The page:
Monday, December 12, 2016

Grandma's Peanut Butter Fudge and a Giveaway!

♫ On the second day of Christmas Treats,
                                ♫ my true love made for me... ♫

As Mary Jane told you in her post yesterday, we're celebrating Christmas at the Cafe with Twelve Days of Christmas Treats and Giveaways!!! Merry Christmas to us all!

In case you miss Mary Jane's post, be sure to check it out HERE.

Today I'm sharing an idea that I shamelessly stole from Ruthy. Every year, she does a "Make-and-Bake-a-Memory" day with her grandchildren. (And in case you missed this year's beautiful post, check it out HERE.)

I love her idea of making memories with those sweet grandchildren. Isn't that just the best idea?

One problem: I don't know if you noticed, but we're in wedding mode in our family (our daughter's and son-in-law's wedding was June 2016 and our oldest son and his fiancee have a February 2017 wedding planned), not grandchildren mode.


But I decided to steal Ruthy's idea anyway, because it's never too early to start, is it?

I invited the girls in our family (my daughter, my soon-to-be daughter-in-law, and the middle son's girlfriend) to the first annual "Drexler Family Bake a Memory Day." We had a blast!

We made cookies, fudge, Christmas candy....

Half-way through the day, we were glad we had kept the number of projects small. It's a LOT of work to bake all those cookies!

But by the time the day was over, we had filled all of our containers with Christmas treats.

The recipe I'm going to share with you is one that I make every year, my Grandma's Peanut Butter Fudge.

Okay, okay. I have a confession to make. This isn't Grandma's Fudge. Her recipe is from the Great Depression era, and lacks.... um.... richness.

I learned a lot from Grandma.

1) She could get more pies out of a batch of piecrust than was strictly legal, rolling the dough so thin it was nearly transparent.

2) She knew how to stretch leftovers to get three meals where anyone else would get two.

3) She knew how to lay out pattern pieces to use every inch of fabric when she made a dress.

Grandma (standing in the center) with her sisters and mother, 1964.

But when it comes to fudge...sorry, Grandma, but I had to fool with your recipe.

Even though I have changed this recipe enough to be unrecognizable, I still call it Grandma's. :)

Grandma's Peanut Butter Fudge

1 1/2 cups sugar
1/2 cup butter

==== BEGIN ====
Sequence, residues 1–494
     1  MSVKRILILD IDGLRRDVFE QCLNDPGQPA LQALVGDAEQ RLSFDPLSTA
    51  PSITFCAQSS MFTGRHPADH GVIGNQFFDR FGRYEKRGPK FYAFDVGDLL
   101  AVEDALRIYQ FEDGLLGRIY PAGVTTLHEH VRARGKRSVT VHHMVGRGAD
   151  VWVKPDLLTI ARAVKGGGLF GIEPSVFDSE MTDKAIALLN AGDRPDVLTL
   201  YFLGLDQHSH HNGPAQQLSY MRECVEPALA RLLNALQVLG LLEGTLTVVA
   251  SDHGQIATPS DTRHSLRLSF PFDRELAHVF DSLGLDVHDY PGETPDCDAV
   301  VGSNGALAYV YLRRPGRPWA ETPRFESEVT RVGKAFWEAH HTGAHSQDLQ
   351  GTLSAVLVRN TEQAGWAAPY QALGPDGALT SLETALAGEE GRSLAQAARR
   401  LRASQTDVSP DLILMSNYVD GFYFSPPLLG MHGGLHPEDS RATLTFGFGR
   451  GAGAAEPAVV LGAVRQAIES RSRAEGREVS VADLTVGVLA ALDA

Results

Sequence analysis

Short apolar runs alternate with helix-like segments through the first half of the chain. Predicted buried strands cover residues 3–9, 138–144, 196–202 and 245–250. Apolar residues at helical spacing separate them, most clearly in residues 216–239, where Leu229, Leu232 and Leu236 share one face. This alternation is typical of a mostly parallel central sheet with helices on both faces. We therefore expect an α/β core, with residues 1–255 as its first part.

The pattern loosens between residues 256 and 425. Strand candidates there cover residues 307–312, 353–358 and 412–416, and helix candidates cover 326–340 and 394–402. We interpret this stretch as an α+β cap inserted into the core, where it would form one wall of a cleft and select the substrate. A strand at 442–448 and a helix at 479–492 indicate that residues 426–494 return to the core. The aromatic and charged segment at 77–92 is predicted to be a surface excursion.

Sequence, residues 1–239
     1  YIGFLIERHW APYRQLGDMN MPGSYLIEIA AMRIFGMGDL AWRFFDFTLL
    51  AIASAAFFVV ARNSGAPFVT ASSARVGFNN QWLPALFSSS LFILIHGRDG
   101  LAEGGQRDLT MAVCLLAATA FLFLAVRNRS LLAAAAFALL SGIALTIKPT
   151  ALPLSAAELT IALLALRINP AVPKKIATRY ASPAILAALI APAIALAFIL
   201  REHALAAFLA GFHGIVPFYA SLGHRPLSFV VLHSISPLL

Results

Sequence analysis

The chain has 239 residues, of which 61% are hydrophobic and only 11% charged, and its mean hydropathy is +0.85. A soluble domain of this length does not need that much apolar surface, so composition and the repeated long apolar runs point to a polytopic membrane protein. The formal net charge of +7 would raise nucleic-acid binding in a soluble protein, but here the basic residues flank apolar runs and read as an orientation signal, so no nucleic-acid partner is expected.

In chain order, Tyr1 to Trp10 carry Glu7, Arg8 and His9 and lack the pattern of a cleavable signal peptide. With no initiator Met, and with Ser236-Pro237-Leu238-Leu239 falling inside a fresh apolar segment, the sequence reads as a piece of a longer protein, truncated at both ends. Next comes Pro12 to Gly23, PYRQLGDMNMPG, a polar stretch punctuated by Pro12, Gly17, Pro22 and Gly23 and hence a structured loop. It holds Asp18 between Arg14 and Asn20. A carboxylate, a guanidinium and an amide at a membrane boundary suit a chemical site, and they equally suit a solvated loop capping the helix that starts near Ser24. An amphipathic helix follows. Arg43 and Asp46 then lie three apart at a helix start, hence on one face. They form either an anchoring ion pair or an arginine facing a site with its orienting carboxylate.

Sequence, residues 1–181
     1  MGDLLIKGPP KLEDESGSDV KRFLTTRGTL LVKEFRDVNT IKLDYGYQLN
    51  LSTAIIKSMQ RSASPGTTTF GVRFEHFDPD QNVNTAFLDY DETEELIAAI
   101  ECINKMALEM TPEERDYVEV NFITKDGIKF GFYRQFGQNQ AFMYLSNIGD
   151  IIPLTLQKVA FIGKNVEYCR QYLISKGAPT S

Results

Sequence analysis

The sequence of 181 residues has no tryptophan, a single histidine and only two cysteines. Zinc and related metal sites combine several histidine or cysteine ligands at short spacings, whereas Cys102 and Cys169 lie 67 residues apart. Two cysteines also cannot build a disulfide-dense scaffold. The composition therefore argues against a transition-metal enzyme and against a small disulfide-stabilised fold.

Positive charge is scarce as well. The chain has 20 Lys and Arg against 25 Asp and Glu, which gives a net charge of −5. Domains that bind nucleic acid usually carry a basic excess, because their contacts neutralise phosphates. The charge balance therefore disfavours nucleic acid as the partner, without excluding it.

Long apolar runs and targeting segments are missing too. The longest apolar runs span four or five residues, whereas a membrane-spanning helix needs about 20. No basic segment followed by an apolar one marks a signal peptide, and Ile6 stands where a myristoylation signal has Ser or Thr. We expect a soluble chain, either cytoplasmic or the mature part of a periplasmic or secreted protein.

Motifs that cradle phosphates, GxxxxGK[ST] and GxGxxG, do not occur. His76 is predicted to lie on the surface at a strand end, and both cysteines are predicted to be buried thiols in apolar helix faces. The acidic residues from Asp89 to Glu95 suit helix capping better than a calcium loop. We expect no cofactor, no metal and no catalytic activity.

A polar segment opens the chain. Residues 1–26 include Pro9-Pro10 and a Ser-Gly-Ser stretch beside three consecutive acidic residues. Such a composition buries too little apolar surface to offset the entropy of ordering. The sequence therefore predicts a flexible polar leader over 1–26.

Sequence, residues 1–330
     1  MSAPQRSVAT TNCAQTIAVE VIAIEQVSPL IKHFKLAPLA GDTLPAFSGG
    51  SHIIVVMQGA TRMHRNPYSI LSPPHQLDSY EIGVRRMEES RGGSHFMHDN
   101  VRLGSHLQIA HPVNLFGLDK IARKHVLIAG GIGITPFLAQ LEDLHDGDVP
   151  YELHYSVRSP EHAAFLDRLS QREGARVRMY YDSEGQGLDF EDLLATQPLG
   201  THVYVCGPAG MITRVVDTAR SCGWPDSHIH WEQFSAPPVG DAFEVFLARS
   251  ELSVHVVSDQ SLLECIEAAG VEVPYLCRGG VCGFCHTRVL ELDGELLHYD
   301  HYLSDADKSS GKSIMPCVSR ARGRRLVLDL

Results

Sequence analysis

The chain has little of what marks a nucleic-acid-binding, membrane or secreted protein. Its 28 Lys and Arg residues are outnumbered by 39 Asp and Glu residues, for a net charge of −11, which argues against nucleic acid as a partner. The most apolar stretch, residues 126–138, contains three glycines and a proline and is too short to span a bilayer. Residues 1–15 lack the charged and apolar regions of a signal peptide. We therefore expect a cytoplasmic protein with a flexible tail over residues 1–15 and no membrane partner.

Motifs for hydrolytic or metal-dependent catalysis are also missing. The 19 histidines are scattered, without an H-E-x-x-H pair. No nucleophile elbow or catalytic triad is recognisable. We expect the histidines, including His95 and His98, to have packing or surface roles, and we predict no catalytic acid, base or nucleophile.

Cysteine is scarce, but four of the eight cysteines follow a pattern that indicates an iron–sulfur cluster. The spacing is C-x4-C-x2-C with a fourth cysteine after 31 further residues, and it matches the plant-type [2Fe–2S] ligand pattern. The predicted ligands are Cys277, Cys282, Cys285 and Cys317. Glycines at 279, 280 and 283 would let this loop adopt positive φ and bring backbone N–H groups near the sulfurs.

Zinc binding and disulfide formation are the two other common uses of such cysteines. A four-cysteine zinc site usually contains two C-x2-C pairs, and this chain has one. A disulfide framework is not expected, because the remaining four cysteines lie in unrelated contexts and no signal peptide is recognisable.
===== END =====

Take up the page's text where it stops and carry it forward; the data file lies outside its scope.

1 5-oz can evaporated milk
1 7-oz jar marshmallow cream
1 cup peanut butter (creamy or crunchy - your choice)
1/2 teaspoon vanilla extract

Lightly grease a 9" x 9" baking dish and set aside. Instead, you can line it with aluminum foil, like Mindy showed us in her fudge post last week. You can see how she did it HERE.

Heat sugar, butter, milk and marshmallow cream in a heavy 3-quart saucepan over medium heat until the mixture comes to a full boil, stirring constantly.

And yes, you read that right. In this recipe, the marshmallow cream goes in the first step, not the last.

Once the mixture comes to a full boil, continue cooking and stirring for five minutes.

Remove the pan from the heat.

Add the peanut butter and vanilla extract, stirring until smooth and creamy.

Pour the fudge into the prepared dish. Cool, then cut into squares.

Peanut Butter Fudge and Chocolate Fudge...yum!

And now it's time for the GIVEAWAY!!!

As I hope you know, I write Amish stories.

(By the way, my two 2016 releases would make a great Christmas present for someone on your list!)

In my research, I've found my own list of authors and resources I like. One of my favorites is Sherry Gore.

Today's Christmas Giveaway is a copy of Sherry's Cookbook, "Simply Delicious," and a copy of her memoir, "The Plain Choice."

Just leave a comment to be in the drawing!

And in the comments, let's discuss this question: What are your earliest fudge-making memories?


  1. My first fudge-making effort wasn't until after we'd been married for a few years. (I don't come from a candy-making family, so it took that long for me to get up the nerve to try.) It was a brown sugar maple fudge, and we ate it by spoonfuls because it never did firm up. It tasted decadent, mind you, but I couldn't cut pieces to put out for guests, so DH and I ate it all ourselves. I have quite a few recipes saved up now, but I rarely try to make any. I feel jinxed. LOL.

    1. What a great story! And a wonderful excuse to keep that delicious fudge all to yourselves. :)

      Under cooked fudge is SO much better than overcooked! Overcooked turns out rock-hard and nearly inedible.

      Under cooked? Now you have ice cream topping!

      And fudge is one of those things that you learn by doing. So I've had a LOT of fails. :)

  2. Oh, I love Sherry's cookbooks! And this looks delicious! I've made maple fudge, but never peanut butter.

    1. And I've never made maple fudge! I'll have to try it. I know my husband would love it.

  3. I'm so glad you've adopted Bake a Memory Day! Isn't it the best thing ever????

    And now tell me how you made that peppermint layered bark because I want to make some and you'll save me looking it up.

    And I'm making this peanut butter fudge today to add to the stash in my freezer... because fudge in the freezer is like money in the bank! Total fudgy happiness!